600 City Road, South Melbourne, Victoria. Ph: 0416 473 740
“He who is not courageous enough to take risks will achieve nothing in life”
⏤ Muhammad Ali.
Below is ResilienceMT founder Chris Gauntlett competing in Muay Thai at Federation Square as part of the 2009 Melbourne Thai Festival…
At Resilience Boxing and Muay Thai Melbourne we offer authentic and traditional Boxing and Muay Thai training at a price you can afford. There are no ongoing membership fees. Classes are $20 casual, or $150 for a 10 class pass ($15 per session). Boxing training is offered as a group 1 hour class, and as 1 hour personal training sessions. Muay Thai training is currently offered as 1 hour personal training sessions only. For a full list of our competitive prices, click here.
Resilience Boxing and Muay Thai Melbourne uses the best of both traditional and modern day training methods to improve physical fitness and provide skills for self-defence. At Resilience we aim to provide authentic Boxing and Muay Thai training as though you were preparing for a fight, regardless of whether or not you have any aspirations to step into the ring, or just simply want to get fit while having fun. We will teach you proper footwork, technique, offensive and defensive skills, tactics, and give you a genuine insight into the technical subtleties of each respective art.
Western boxing has a very long history, stretching back thousands of years. It’s earliest recorded depictions are in a Sumerian relief from Iraq from the third millennium BCE. The earliest known recorded time of boxing being practised as a sport is in ancient Greece. There, It was first introduced as a sport at the 23rd Olympiad in 688 BCE.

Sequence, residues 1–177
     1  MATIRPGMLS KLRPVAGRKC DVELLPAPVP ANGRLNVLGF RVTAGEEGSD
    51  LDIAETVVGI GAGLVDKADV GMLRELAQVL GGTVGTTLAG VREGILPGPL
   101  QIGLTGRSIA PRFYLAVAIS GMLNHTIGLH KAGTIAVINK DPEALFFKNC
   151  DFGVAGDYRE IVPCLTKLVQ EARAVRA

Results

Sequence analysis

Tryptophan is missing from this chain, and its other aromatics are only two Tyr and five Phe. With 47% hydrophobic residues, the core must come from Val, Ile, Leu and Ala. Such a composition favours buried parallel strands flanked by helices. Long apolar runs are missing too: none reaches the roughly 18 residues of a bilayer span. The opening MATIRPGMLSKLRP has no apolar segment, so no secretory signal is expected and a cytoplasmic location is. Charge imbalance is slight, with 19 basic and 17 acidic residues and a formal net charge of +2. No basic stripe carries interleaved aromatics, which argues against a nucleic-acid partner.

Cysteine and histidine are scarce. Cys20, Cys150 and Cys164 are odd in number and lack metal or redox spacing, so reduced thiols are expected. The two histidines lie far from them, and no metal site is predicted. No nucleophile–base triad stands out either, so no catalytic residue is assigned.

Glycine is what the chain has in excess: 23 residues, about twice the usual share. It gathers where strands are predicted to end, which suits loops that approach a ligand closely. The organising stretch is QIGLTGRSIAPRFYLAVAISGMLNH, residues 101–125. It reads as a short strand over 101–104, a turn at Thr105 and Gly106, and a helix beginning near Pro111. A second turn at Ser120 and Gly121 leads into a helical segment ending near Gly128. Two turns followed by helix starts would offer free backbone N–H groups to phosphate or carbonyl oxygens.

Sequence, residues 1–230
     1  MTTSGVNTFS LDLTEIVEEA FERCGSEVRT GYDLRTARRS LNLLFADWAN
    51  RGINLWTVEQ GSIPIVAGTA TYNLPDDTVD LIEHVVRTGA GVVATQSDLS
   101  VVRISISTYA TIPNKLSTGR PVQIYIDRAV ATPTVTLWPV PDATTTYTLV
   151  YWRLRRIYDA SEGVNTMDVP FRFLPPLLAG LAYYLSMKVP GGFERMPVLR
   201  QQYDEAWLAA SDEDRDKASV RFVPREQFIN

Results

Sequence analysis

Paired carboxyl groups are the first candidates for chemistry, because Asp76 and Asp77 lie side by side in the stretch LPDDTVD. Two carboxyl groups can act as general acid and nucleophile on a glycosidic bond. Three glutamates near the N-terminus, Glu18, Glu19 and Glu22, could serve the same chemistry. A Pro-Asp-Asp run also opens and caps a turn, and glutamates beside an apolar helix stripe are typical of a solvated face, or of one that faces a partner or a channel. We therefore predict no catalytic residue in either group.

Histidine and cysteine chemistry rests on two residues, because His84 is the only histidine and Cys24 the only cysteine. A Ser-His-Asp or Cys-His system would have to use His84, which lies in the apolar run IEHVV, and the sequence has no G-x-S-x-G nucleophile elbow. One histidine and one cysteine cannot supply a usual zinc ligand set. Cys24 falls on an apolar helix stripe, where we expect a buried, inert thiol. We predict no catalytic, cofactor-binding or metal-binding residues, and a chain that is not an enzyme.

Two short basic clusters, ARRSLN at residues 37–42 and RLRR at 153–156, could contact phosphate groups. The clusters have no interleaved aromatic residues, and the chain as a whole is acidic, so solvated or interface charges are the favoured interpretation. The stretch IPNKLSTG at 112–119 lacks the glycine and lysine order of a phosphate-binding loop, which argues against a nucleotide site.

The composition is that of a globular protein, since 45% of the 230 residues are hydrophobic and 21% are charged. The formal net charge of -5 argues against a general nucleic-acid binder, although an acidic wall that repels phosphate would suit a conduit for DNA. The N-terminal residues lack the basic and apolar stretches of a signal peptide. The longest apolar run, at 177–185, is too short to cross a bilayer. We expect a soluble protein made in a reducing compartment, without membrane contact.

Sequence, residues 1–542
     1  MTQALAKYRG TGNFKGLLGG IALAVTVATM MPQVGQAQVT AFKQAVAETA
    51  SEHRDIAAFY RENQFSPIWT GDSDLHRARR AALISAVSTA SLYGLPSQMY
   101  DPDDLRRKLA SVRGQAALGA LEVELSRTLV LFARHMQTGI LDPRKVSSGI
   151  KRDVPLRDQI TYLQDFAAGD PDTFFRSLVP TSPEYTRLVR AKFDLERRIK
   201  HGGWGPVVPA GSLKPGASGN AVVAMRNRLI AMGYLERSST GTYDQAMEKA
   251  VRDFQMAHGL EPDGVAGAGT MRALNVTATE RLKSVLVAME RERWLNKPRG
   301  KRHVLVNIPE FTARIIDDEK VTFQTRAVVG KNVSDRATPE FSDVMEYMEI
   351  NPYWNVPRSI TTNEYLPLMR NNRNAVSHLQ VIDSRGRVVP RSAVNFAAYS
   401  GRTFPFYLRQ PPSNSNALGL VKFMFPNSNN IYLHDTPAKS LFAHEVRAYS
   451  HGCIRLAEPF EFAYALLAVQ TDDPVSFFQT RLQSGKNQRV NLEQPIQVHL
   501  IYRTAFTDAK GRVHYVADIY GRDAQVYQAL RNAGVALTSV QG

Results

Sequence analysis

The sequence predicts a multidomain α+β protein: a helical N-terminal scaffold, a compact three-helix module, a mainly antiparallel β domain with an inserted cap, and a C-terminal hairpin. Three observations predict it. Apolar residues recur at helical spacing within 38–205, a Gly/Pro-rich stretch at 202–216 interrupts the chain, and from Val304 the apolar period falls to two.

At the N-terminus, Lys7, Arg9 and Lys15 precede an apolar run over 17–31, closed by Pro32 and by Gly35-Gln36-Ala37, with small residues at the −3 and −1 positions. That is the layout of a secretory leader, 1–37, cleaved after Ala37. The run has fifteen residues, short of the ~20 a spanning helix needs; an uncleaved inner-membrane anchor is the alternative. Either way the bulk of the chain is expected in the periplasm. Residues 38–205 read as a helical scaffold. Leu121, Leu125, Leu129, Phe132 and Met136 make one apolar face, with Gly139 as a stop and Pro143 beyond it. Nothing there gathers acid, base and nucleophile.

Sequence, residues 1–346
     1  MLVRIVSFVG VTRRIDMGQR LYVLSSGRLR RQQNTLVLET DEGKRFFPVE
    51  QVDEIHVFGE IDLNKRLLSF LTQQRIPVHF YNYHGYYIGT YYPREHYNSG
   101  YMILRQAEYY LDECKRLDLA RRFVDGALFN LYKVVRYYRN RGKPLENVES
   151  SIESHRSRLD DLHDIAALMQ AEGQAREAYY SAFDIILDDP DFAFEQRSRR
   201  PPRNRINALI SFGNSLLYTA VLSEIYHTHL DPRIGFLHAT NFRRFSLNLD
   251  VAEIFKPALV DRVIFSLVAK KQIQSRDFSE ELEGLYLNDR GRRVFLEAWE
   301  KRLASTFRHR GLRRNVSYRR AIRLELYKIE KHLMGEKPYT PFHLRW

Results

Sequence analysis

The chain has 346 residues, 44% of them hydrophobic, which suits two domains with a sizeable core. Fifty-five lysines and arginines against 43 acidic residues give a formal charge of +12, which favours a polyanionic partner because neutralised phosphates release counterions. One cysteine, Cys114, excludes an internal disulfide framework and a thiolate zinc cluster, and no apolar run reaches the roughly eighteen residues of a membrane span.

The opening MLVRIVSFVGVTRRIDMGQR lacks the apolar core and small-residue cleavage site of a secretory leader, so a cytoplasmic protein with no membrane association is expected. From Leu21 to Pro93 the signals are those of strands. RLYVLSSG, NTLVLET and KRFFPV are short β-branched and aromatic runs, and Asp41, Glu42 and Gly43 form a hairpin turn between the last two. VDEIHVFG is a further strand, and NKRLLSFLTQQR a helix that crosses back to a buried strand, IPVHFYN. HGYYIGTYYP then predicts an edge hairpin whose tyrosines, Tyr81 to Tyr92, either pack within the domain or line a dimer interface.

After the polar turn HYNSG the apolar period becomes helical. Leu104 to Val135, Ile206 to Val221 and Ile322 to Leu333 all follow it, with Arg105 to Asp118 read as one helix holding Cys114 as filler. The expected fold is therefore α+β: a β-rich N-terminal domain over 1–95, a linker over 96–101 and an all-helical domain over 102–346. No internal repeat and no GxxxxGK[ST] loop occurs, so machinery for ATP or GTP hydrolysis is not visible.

Since those ancient times, boxing has evolved tremendously both regarding technique, rules, and training methodology. In Western Europe boxing developed as a military art of unarmed combat, and incorporated wrestling, throwing, headbutting and eye gouging techniques. In the West, boxing first began to emerge as a documented sport in the 1700s. The first historically documented rules were introduced by Jack Broughton in 1743 with the purpose of preventing the unnecessary deaths of competing fighters. These early rules included: no hitting a downed fighter, no hitting or grabbing below the waist, and a 30-second count for a downed fighter, after which time if he couldn’t continue, then the fight was forfeit.
In 1867 John Chambers introduced the Marquess of Queensberry rules which included: three-minute rounds, a ten-second count for a downed opponent, the banning of wrestling, and the introduction of gloves. Boxing continued to develop, but remained a largely outlawed endeavour through much of England and The United States in the late 19th and early 20th centuries. In 1892 ‘Gentleman Jim’ Corbett defeated John L. Sullivan to become the first world heavyweight champion.
Today boxing is a multi-billion dollar industry, and one of the most financially lucrative professional world sports. The techniques, training methods, and rules have evolved significantly from its early beginnings. However, it remains an incredibly effective system of self-defence, and its transition to a global competition sport has developed a method strength, fitness, and conditioning training that is one of the most well rounded and complete.
Muay Thai is the indigenous martial art of Thailand, and it is often referred to as the ‘art’ or ‘science of eight limbs’ because it utilises eight points of contact employing punching, elbow, knee, and kicking strikes. Muay Thai’s origins are over two thousand years old, and it evolved and developed as the battlefield fighting art of the Siamese (Thai) people. The unarmed system of the art developed using the body to imitate the weapons of war. The hands were used as swords and daggers, the shins and forearms hardened to function like armour, the elbows to be deployed like maces or hammers, and the legs and knees to be used like staves and axes.
Much of Muay Thai’s ancient origins are shrouded in folklore and legend. This is in part due to the loss of many written historical records during the Burmese sacking of Ayutthaya, the Siam (Thailand) capital in the 14th century. The modern sporting version of Muay Thai differs considerably from its battlefield origins. Older versions of the art include Muay Boran, Muay Chaiya, Krabi Krabong and Mae Mai Muay Thai. These arts employ significantly different hand to hand techniques and also incorporate training in a variety of weapon systems.